In order to obtain the greatest efficiency from your transmitter, we are presenting a simple field strength meter. Perhaps you are using one which consists of a half or full wave diode circuit. This type of meter registers well at close range but has the disadvantage of low sensitivity and the need for a sensitive meter, usually 0-1 ma or less. The described field strength meter employs a sub-miniature 1AD4 RF pentode in a grid leak detector circuit, and uses a 0-3 ma meter, one that every RC modeler has on his bench.

This will not be a full-fledged construction article, for space does not permit, but the schematic diagram plus photographs should be sufficient. In addition, this circuit has been built with a variety of components, such as air trimmers and ceramic trimmers, air coils and slug-tuned coils, and tubes including the 1AD4, IAG4, CK5607, RK-61, XFG-1, CK525, and CK5677. Meters have ranged from 0-1 to 0-5. Results have been similar in all cases. Your unit may be built into almost any size case that will suit the construction; we used a 3006 mini-box.

As far as construction is concerned, keep all leads as short as possible; this is not imperative but always advisable. The B voltage may range from 15 to 45 volts depending upon the value of meter used. When using an 0-1 ma meter, 15 volts are sufficient, and 45 volts will operate a 0-5 meter. Since the unit is on but a short time, we soldered the batteries and A cell in place.

To use the meter, when finished and in its case, switch on the unit and adjust the pot R2 to read about half-scale on the meter. Insert a 12-18 in. antenna (a thin piece of wire soldered to a banana plug) in its socket and rotate the tuning capacitor, or slug, until the maximum dip is obtained on the meter. Remember this: a field strength meter gives only relative readings at a given distance from the transmitter. In other words, if the unit is held by someone, the dip will be greater than if the unit is placed on a box or bench. Once properly tuned, remove it from the vicinity of the transmitter until a .2-.5 ma dip is obtained when a signal is transmitted. Leave the field strength meter in one position and adjust final tank capacitor or antenna loading until the maximum dip is obtained. Be sure the field strength meter antenna and the transmitter antenna are in the same plane; that is, vertical to verrical and horizontal to horizontal. Greatest accuracy is achieved at a distance of at least one wave length away from the transmitter, or about 40 ft.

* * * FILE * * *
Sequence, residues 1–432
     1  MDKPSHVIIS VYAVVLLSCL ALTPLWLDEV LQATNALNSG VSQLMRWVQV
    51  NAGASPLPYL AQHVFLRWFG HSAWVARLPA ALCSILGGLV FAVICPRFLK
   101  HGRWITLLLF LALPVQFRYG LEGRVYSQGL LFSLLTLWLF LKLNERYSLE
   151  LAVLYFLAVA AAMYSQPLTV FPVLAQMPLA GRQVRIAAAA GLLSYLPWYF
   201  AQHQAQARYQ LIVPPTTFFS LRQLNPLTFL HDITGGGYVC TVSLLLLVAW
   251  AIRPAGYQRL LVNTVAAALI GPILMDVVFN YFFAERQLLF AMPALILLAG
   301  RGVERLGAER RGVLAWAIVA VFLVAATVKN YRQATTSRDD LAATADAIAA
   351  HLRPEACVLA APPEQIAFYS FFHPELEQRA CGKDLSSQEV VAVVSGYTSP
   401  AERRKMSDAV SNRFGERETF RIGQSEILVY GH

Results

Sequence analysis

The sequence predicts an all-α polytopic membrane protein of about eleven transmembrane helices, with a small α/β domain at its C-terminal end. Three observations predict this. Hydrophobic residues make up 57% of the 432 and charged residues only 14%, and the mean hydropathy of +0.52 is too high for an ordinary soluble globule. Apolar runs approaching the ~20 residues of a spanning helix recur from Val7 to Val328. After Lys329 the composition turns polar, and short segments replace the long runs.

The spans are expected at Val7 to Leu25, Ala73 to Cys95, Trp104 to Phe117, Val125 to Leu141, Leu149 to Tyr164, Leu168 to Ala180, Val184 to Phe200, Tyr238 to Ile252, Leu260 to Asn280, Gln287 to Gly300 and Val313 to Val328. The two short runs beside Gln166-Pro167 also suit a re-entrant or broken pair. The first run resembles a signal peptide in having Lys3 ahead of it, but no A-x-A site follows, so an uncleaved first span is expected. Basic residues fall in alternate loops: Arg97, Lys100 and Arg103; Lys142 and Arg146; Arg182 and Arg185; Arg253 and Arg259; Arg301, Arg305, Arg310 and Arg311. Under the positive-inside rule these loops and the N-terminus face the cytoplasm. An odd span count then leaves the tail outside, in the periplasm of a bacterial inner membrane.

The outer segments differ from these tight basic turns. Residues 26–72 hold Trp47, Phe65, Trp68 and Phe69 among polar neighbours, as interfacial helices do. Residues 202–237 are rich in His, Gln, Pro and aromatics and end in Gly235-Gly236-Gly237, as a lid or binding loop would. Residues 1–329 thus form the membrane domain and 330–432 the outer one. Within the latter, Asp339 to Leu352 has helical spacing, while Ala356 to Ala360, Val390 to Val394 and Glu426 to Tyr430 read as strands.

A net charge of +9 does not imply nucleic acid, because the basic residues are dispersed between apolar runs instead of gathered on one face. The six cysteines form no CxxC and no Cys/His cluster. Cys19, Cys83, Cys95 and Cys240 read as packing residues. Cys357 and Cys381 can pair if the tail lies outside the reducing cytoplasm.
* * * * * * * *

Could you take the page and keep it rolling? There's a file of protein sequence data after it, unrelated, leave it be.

Field Strength Meter schematic - Airplanes and Rockets










Posted March 1, 2014

Plastic Scale Model Kits - Airplanes and Rockets

About Airplanes & Rockets 

Kirt Blattenberger, Webmaster - Airplanes and RocketsKirt Blattenberger

Carpe Diem! (Seize the Day!)

Even during the busiest times of my life I have endeavored to maintain some form of model building activity. This site has been created to help me chronicle my journey through a lifelong involvement in model aviation, which all began in Mayo, MD ...

Copyright  1996 - 2026
All trademarks, copyrights, patents, and other rights of ownership to images and text used on the Airplanes and Rockets website are hereby acknowledged.

Homepage Archives  |  Modeling News Archives


Kirt Blattenberger


Family Websites:

RF Cafe

Equine Kingdom

Drones - Airplanes and Rockets

Academy of Model Aeronautics (AMA) - Airplanes and Rockets

Academy of Model Aeronautics

Tower Hobbies logo - Airplanes and Rockets

Tower Hobbies

Horizon Hobby logo - Airplanes and Rockets

Horizon Hobby

Sig Manufacturing - Airplanes and Rockets

Sig Mfg

Brodak Manufacturing - Airplanes and Rockets

Brodak Mfg